Monday, January 1, 2001

Coverstitch: Adjusting a Binder

Finished binding should look like the photo below. The twin-needling is at the down-folded edge of the binding next to the main fabric and the coverstitch loops cover the raw or folded edge on the reverse.





It should not look like this:



And in most cases, nor like this. Although there may be times that you want the topstitching to straddle the binding edge as a design element and in that case, it's OK!



If your stitching does not fall on the binding like in the first photo above, you need to change how the strip is folded by adjusting one or both of the two screws at the top of the binder. These guides control how much of the strip is folded into each section of the binding. Screw 1 below adjusts the top guide. Screw 2 adjusts the bottom guide.



The reverse of the industrial type binders is shown in the photo below. Your specific brand binder may look slightly different.

On a properly adjusted binder, the top fold guide (1) will protrude slightly more than the bottom guide (2). Exactly how much depends on your binder, your machine, and whether you are using an A or B style binder.



If the underside fold or raw edge of the binding is not covered by the looper stitches, loosen the right screw (when viewed from the front of the binder) and slide it a tiny bit to the right. This will pull in the guide for the lower fold and result in a binding with less underfold sticking out.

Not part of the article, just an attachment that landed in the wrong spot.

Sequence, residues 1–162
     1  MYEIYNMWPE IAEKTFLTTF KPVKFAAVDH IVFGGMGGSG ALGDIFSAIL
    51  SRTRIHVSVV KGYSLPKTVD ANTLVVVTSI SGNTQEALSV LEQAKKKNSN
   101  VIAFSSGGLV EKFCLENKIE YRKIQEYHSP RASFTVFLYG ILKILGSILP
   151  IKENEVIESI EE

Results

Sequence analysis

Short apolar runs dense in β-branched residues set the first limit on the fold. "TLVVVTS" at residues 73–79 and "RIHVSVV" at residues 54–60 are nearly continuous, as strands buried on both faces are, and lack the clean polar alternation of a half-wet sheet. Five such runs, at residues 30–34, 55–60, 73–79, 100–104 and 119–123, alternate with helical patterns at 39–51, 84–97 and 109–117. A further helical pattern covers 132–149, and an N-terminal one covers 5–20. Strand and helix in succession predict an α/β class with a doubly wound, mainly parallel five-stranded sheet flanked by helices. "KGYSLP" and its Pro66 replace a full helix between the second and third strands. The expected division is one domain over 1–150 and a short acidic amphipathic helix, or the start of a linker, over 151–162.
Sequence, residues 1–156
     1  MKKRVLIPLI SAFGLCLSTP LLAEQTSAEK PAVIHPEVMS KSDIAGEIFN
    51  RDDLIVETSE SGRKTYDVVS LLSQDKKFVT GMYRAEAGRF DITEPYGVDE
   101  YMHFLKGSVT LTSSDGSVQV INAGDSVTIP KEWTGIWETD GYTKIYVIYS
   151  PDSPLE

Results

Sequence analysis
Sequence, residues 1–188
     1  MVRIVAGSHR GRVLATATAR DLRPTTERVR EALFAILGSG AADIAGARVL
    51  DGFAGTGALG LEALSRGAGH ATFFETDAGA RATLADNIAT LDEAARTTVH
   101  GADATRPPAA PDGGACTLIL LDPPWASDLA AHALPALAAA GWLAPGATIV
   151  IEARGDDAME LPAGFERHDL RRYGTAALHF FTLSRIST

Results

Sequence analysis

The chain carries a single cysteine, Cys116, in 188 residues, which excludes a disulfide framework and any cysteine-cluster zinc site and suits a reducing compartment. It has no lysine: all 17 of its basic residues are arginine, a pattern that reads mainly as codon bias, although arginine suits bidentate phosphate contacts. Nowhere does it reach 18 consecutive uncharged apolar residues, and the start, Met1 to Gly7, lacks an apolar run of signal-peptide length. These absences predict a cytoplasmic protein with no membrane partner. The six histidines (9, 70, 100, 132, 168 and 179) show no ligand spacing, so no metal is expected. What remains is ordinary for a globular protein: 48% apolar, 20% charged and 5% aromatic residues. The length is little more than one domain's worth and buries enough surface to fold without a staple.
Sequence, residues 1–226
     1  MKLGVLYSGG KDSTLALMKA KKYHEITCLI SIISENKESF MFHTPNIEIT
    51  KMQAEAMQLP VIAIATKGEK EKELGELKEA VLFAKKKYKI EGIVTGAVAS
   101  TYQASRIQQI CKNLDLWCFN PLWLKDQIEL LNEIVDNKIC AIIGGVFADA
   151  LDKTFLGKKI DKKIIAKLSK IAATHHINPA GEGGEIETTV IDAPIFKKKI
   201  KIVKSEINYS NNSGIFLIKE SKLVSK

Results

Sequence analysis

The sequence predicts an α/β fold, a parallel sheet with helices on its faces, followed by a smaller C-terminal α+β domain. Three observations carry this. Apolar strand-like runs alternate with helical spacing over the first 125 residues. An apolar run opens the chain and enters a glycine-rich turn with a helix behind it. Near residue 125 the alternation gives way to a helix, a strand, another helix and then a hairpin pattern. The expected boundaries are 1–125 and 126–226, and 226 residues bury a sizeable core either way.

If your top stitches are straddling the binding edge (and this is not a design choice), loosen the left screw and slide it a bit to the left to make the binding top fold land a bit to the left of the underside edge.

With both of these adjustments, you may also need to adjust where the entire binder sits in relation to the needles. Once I have the binder position finalized on the bed of the machine, I mark it with a Sharpie marker so I don't need to fiddle with it again.

1 comment:

Clarice said...

I bought this binder, but not yet used. I did not dare.
Thank you again.